Yes, bees have a central nervous system that is typical of insects.
The central nervous system in bees comprises a brain, linked to a ventral nerve cord which runs through the body of the bee (along the thorax and abdomen), with paired swellings known as ganglia, occuring at intervals along it, and lateral nerves spread out from these.
Sensory information is received and processed by the brain and ganglia of the bee. This in turn stimulates a response in the form of a physiological action or behavioral activity.
Because such a large amount of information and research has been undertaken specifically on the honey bee, Apis mellifera, we'll focus on the central nervous system of this species.
Below is a diagram of the nervous system of the honey bee from The Anatomy Of The Honey Bee by R. E. Snodgrass.
It shows the brain (Br) and 7 ganglia (Gng), 2 of which are situated in the the thorax, and 5 in the abdomen.
Key parts of the honey bee central nervous system.
The brain itself features a number of structures, such as optic lobes, mushroom bodies, antennal lobes and neurons. The different and various structures of the brain are associated with, for example, visual processing from information picked up by the eyes, olfactory learning, memory, motion sensitivity.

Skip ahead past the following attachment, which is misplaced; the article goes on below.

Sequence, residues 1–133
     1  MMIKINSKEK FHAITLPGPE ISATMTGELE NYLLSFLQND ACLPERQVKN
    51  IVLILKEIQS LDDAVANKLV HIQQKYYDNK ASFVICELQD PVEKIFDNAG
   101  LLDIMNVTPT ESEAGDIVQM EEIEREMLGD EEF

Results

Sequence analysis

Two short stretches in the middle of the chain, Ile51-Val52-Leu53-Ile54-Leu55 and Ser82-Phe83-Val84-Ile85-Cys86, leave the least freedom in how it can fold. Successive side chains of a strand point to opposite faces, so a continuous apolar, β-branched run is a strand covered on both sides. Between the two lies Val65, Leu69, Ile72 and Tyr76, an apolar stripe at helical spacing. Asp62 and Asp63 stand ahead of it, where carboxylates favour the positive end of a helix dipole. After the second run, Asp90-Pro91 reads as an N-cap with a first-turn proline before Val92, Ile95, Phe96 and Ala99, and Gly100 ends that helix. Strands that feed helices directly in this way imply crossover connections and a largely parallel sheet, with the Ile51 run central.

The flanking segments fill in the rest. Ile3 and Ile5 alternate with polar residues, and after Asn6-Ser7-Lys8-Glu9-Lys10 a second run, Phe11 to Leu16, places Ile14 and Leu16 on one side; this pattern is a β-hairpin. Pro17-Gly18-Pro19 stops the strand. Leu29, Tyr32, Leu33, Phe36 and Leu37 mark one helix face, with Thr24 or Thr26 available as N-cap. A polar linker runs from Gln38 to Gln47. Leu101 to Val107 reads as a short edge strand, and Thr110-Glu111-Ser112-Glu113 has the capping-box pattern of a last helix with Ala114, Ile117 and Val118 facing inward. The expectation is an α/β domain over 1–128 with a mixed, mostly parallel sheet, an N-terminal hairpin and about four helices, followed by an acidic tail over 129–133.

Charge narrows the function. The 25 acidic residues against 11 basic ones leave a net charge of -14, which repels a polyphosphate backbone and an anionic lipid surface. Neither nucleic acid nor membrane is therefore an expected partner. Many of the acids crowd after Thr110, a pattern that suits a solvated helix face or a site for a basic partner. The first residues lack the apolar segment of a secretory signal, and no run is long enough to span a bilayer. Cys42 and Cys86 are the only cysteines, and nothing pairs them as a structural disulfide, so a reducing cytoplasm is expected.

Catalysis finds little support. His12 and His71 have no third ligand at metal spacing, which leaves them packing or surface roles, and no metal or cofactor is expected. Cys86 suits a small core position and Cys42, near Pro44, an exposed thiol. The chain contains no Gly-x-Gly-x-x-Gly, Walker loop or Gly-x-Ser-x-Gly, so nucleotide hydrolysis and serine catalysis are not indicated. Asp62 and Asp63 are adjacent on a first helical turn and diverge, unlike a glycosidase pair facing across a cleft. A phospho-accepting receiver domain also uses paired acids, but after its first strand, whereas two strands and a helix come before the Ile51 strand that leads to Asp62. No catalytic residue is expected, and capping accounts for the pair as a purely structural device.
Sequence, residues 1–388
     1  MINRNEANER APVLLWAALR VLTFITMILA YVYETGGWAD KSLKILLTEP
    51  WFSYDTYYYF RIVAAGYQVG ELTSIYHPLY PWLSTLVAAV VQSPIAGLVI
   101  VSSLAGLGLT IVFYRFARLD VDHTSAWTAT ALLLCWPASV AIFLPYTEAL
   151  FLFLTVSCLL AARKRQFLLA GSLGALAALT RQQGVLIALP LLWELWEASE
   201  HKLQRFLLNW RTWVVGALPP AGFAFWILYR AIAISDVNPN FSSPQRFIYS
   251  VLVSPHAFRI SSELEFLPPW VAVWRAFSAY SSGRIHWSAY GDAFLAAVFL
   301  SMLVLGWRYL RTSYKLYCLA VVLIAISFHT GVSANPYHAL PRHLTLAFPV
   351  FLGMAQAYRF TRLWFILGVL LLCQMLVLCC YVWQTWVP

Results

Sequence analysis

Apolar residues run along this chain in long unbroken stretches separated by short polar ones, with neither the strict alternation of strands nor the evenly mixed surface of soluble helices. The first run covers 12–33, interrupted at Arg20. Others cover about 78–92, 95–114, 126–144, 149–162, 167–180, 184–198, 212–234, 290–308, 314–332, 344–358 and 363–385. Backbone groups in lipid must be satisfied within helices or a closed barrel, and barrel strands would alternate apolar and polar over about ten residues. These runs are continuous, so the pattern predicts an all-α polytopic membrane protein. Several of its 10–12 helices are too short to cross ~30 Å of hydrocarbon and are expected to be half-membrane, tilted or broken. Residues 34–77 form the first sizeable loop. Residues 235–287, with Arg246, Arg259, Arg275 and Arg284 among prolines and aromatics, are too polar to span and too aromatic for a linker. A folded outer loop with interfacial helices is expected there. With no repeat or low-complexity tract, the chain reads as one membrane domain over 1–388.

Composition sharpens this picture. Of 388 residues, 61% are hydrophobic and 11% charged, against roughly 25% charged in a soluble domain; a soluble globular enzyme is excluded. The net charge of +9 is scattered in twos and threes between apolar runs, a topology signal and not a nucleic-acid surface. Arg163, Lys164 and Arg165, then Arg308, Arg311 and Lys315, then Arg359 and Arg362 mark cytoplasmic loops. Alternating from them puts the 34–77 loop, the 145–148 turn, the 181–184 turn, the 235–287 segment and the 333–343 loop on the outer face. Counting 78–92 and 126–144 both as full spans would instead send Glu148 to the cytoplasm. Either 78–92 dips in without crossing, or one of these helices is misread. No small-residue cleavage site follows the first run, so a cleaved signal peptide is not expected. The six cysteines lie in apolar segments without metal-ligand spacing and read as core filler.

There are 7 ganglia running along the body of the bee. The ganglia contain the nerve cells which receive information from the sense organs, and stimulate other tissues.
The thoracic ganglia (i.e. the 2 ganglia located in the thorax) control the wings and legs.
Cords connecting the ganglia. The commissures and the nerve-trunks that branch to all parts of the body consist of fibers. These fibers are extensions of the nerve cells, and act like electric wires, conveying information to and from the nerve centers.
The parts of the central nervous system also co-ordinate in order to perform various functions, for example the waggle dance, which includes aspects of learning and behaviours associated with the brain, along with bodily movement of the wings and legs.
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